UPDATE TO THE UPDATE BELOW: Vince Colletta seems like a better candidate for the inks in "The Unseen!" Here's a page (borrowed from The Charlton Comics Reading Library) from Space Adventures, No. 33 (March, 1960) featuring Molno-Colletta art. It doesn't precisely match the Fightin' Marines art, but then we're talking nearly a year's difference, plus a different genre. So, maybe:
Compare it to these faces from "The Unseen!":
UPDATE: Here's our mystery artist, be he Tony Tallarico or someone else (Vince Colletta?), in Battlefield Action, No. 17 (Dec., 1957). No credit(s) at GCD. Scanned from my copy:
The final story of the issue, Teddy Roosevelt and His Rough Riders, is also without a GCD credit, but it's majorly Molno (on pencils and inks).
Bill Molno's stamp is all over the highly enjoyable Jan., 1958, No. 9 issue of Charlton's Speed Demons. What isn't present is a single Molno signature--no intials, no "Bill," no nothin'. Par for the race course. (And "par for the race course" only gets 13 Google search results. Strange.)
Here's the cover. Dick Giordano? Looks like him. Molno-Giordano, maybe? Someone else?
But I can declare with nearly absolutely certain confidence that "Grand Prix de Cuba," despite the lone "Mastroserio" signature, is in fact Molno-Mastroserio (pencils-inks). Dig the faces and the stiff Bill-"Rocke" bodies:
The next entry, "Grand Prix de Cuba," is typical Charlton race-car fare: essentially plotless, and with lots of speeding wheels and dirt clouds--just what the readers came to see. What it lacks is the obligatory "I've been waiting for this! (POW!!) panel," as I call it. The other three stories make up for this. Here are their POW!! panels:
In fact, the final story has two face-punch panels, bringing the issue to a total of four. Four stores/four face-punch panels. All is well in the universe.
Where were we? Oh, yes--the second story, "Right Car... Wrong Driver," features easily identifiable pencils and inks--namely, Molno and Vince Alasica. Molno and Alascia were a magical combination on these types of stories, with a highly convincing sense of speed, motion, and space in the racing scenes. And the sound effects are worth the price of the comic: "BRRPPP!" RROOAARRR!" "SCREEECHH!" They more than make up for the lack of "POW!"'s in the issue's punch-out panels:
"Dirty Driver" is Molno inking Molno, and the racing panels have the same highly artistic quality as those of "Right Car...Wrong Driver"--minus Alascia's streamlined inking. "Dirty Driver" boasts a slightly more complicated plot than usual, with the hero, Jocko McCoy, having to prove he's the victim of "dirty driving" rather than the instigator. He accomplishes this by drawing out the bad guys, countering their dirty driving moves and forcing bad guy Nick Prado, in full view of all, to go after him ever more aggressively. Racing official in final panel: "Your troubles are over, Jocko! Instead of barring you, we've barred Nick Prado and his pals. The crowd knows the truth now!" (Just in case the preceding narrative left us confused.) By the standards of the genre, pretty multi-leveled stuff.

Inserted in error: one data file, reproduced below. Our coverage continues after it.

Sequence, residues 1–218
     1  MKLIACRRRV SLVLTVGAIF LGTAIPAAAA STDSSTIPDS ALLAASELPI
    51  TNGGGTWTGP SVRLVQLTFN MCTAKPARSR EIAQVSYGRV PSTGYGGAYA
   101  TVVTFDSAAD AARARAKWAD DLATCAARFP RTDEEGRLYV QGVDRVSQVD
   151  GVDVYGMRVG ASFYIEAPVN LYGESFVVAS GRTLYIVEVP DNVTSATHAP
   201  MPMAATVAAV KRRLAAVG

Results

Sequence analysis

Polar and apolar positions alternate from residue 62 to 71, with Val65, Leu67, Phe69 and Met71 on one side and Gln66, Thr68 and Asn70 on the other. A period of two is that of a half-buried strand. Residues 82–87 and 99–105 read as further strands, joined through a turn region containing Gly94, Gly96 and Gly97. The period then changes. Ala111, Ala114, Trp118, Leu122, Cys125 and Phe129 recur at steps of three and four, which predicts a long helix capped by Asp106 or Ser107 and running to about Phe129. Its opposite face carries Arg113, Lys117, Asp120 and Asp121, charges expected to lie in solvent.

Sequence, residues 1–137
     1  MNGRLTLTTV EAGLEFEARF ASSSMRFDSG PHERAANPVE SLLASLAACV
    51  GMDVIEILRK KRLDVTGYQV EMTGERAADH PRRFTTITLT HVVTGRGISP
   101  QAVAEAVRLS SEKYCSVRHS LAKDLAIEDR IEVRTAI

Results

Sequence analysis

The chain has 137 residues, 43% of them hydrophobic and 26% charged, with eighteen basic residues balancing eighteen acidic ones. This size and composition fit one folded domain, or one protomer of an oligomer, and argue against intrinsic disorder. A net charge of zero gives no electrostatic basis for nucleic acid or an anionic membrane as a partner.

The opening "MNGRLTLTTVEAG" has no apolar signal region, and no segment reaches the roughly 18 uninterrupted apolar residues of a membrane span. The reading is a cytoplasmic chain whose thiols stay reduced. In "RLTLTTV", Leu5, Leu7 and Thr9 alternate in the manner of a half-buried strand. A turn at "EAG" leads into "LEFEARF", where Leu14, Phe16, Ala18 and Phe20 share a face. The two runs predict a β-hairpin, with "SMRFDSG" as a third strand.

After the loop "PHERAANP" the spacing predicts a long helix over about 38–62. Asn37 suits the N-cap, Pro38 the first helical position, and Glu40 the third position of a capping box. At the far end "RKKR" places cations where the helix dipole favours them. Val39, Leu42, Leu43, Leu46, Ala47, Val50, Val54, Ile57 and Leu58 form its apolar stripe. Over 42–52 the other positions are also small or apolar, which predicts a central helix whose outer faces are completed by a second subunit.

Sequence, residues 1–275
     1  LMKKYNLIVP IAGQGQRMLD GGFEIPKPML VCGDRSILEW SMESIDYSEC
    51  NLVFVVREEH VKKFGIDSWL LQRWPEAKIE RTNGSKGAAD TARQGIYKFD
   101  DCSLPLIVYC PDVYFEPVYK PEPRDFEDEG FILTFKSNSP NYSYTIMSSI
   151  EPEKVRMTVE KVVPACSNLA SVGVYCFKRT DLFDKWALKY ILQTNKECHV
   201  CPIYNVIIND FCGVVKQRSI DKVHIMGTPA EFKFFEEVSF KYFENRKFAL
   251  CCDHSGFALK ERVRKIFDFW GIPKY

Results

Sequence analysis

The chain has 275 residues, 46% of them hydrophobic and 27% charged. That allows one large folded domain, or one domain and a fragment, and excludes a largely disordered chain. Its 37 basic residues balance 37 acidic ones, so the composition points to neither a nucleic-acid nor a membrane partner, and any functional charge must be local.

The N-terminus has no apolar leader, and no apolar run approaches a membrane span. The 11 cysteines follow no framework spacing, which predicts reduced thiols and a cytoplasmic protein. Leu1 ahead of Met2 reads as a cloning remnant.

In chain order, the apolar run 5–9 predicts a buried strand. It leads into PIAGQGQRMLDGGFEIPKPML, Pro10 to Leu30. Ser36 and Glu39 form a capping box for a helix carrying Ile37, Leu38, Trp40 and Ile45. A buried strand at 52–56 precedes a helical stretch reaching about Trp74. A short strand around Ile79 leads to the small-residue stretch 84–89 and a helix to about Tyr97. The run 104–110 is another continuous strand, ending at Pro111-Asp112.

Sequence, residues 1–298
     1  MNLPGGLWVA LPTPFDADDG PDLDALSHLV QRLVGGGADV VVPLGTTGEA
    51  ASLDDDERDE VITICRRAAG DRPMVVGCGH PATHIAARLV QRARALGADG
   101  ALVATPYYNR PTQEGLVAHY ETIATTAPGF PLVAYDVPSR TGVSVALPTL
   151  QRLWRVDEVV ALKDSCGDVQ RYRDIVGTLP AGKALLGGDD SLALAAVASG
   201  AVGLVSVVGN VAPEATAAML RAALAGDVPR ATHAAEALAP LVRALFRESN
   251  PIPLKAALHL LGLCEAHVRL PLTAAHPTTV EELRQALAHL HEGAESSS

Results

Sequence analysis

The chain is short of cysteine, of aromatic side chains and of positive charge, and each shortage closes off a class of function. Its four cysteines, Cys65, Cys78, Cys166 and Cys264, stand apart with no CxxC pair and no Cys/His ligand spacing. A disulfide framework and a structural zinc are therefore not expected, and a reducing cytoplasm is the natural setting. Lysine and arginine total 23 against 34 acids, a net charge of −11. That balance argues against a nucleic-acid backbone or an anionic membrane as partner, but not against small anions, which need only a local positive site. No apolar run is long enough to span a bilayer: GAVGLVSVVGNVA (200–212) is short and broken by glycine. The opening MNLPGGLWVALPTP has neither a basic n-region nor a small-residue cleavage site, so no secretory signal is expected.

"Tramp Driver" is another cheating saga, but I have no idea what the title means. I Googled it (entering "What is a 'tramp driver'?") but, despite a decent number of hits, no clear definition. Someone who drives a heavy load, maybe? As in, not someone to put your hopes in, race-wise. Maybe that's it.
Art is by Fran Matera, who kindly provided his signature in the first panel. Yet the faces are highly Molno, no? So is the final race. Was Matera working from a Molno layout?
I have a few later (1960s) Charlton car mags, but I don't like them nearly as much as these early issues. There's a genre-in-progress feel here that's quite cool, and there's less emphasis on youth than we'd expect from 1958. Strange, really, with the death of James Dean a recent memory, with teen-oriented B movies raking in the bucks, and with Elvis tearing up the charts even as he served in the Army. Charlton is often chided as a copy-cat company, but here they seemed to be forging their own course against the teen-culture onslaught of the day. Skimming over the list of Charlton titles at Comic Book Plus, I only spot four teen titles of the late 1950s, three of them romance.
Charlton wasn't riding the crest of the teen trend--at least, not yet.